Plains, Rocks & Cosmos

In anticipation of a summer touring the Great Plains, I took some time off from the blog to immerse myself in a surprisingly rich literature on the subject, which of course has nothing to do with religion. I will say, however, that anyone who has yet to discover this richness or is thinking about exploring the Plains should consider reading some of the books listed at the end of this post. Having just read each in succession, the immersive effect is pronounced and I’m ready to go but the weather is not yet cooperating. While waiting, and in anticipation of the anthropology of religion course I will be teaching in the middle of the summer, it’s time to round back toward religion.

The good news is that in doing so, I won’t run the risk of being brutally murdered. For the third time this year, a “secular” Bangladeshi blogger has been hacked to death by irate religionists. These three blasphemous bloggers were writing on subjects and topics similar to those that appear here, but were doing so knowing they would be targeted. Talk about courage.

Here in the United States, we fortunately do not have to confront this sort of thing, though we do have young earth Creationists who are relatively harmless. While I have never paid them much mind because arguing with them is futile, a geology professor thinks that the rocks disprove creationism. He apparently does not know that young earth Creationists have considered his argument and flatly rejected it. They are not interested in science and accept it only when it suits their psychological needs or religious purposes. But having said this, I was a bit shocked to encounter the following sentence in the professor’s piece:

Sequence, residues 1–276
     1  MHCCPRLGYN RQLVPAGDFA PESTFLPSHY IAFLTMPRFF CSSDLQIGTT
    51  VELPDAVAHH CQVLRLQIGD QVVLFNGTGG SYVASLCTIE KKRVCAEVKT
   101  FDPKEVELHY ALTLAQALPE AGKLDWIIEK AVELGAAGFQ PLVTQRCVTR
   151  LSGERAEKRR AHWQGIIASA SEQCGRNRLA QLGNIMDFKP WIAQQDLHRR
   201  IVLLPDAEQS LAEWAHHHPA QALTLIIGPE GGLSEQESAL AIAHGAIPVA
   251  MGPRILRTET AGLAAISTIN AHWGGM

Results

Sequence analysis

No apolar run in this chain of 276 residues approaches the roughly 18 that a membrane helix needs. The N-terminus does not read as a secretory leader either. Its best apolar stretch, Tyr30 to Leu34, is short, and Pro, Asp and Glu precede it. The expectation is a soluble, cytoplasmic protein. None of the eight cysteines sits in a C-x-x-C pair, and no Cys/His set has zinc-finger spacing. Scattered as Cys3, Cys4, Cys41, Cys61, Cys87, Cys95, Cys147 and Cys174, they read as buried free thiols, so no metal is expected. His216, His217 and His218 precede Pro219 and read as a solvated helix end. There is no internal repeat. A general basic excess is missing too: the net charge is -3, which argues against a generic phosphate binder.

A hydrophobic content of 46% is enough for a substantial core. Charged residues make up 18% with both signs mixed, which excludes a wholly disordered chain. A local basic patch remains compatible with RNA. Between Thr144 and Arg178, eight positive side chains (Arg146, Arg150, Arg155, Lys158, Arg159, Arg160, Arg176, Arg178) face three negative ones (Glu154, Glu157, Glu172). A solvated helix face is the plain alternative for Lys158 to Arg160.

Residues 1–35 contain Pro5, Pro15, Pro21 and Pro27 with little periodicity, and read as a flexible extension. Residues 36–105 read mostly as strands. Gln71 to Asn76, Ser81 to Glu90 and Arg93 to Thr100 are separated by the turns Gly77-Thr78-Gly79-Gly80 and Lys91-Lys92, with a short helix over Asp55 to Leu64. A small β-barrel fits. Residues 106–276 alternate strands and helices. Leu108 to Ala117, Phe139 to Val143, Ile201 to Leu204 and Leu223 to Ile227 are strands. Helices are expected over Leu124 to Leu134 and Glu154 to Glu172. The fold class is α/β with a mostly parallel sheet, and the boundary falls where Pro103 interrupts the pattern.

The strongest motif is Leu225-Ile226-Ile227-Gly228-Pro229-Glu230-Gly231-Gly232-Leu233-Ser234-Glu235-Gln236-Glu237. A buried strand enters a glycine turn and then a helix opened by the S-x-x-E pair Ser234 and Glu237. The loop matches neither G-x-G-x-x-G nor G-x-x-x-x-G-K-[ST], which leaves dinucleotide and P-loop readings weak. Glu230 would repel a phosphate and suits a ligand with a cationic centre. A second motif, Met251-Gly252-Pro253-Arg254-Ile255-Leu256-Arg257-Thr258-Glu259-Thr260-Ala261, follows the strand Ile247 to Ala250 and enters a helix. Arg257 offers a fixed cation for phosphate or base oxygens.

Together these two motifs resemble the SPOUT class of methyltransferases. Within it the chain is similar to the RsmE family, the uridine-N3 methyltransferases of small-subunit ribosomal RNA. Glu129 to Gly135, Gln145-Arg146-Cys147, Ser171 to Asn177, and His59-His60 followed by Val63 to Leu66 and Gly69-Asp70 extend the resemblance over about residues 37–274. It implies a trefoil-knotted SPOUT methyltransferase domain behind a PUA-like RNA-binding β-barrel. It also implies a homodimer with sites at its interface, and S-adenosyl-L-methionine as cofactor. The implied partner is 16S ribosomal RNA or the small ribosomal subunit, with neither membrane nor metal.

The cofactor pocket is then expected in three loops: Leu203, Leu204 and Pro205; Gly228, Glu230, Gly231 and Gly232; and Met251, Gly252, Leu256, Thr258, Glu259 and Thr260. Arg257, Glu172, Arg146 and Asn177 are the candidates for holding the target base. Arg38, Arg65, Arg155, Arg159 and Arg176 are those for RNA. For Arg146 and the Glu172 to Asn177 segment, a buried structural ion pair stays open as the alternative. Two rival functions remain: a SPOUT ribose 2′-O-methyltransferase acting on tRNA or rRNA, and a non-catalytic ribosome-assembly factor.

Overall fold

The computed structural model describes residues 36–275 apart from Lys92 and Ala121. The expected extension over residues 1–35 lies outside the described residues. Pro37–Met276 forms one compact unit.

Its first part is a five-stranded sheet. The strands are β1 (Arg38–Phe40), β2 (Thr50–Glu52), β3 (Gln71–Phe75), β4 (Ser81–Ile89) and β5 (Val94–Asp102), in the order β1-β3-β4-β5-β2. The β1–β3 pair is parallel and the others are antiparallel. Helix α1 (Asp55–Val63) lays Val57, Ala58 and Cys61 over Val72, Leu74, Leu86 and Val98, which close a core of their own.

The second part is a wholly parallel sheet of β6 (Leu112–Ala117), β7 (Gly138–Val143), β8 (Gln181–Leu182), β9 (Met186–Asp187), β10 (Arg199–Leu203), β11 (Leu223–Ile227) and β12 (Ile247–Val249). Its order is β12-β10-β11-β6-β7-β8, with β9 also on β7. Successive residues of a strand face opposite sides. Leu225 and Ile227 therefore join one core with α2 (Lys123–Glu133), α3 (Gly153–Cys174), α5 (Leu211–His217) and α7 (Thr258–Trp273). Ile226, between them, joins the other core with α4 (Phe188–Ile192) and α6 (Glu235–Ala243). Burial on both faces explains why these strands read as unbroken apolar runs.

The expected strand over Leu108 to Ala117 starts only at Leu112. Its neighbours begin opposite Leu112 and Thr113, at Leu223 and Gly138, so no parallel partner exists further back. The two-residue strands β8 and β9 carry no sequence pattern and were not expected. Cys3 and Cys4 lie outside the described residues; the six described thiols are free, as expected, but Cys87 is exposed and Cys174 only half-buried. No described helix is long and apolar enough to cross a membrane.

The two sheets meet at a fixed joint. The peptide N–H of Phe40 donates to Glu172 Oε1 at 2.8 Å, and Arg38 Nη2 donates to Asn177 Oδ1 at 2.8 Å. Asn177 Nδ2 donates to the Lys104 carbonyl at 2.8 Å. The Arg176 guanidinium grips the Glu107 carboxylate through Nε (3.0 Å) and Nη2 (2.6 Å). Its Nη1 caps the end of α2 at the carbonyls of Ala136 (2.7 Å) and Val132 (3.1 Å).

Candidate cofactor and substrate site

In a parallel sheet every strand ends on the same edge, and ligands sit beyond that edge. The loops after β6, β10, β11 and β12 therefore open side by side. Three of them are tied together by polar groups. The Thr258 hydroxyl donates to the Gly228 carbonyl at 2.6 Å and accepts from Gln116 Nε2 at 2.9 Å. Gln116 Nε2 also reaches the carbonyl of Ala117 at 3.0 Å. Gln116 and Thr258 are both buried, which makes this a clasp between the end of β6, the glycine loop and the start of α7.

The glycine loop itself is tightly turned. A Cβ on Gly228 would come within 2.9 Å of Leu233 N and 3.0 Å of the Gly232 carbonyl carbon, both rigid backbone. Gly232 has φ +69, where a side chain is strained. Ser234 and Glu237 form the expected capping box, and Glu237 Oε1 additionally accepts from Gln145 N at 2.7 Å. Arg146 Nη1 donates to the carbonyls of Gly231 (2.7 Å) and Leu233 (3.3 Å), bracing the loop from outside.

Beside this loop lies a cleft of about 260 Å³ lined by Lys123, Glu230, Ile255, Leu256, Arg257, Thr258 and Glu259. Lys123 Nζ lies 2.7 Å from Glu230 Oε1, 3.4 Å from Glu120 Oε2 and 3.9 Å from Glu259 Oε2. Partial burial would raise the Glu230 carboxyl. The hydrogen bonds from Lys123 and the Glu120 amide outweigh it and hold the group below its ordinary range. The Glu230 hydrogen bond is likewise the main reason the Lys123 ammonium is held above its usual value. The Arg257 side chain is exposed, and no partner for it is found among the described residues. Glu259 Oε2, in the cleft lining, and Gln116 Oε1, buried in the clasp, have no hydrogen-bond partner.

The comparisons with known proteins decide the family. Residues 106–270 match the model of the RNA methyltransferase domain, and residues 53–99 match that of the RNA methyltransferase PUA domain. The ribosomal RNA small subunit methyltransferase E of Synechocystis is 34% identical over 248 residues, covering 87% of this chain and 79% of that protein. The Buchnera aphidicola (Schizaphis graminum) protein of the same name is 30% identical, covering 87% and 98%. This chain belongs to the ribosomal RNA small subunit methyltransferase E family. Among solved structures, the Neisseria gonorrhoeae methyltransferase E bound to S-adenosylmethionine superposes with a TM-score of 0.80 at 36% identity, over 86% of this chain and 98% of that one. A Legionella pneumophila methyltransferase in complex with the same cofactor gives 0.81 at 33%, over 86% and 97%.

“Embracing young Earth creationism means you have to abandon faith in the story told by the rocks themselves.”

This is an unfortunate choice of words. Why should we have faith in a story told by rocks? Rocks don’t tell stories. Geologists provide us with theory and data based narratives about rocks. These “stories” are subject to challenge, revision, and reversal. This method has nothing to do with faith.

From rocks to the cosmos, which is timely for anyone who has recently seen “Interstellar,” a movie with some brilliant science marred by metaphysical speculations about trans-dimensional love tunnels. It was marred even further by Matthew McConaughey’s overwrought acting, but that is another story. The main story here is the science based on Kip Thorne’s work and book, Black Holes and Time Warps: Einstein’s Outrageous Legacy. Though I am only about halfway through and not sure I understand everything, it is great for bending the mind. The cosmos is stranger than fiction and perhaps even myth.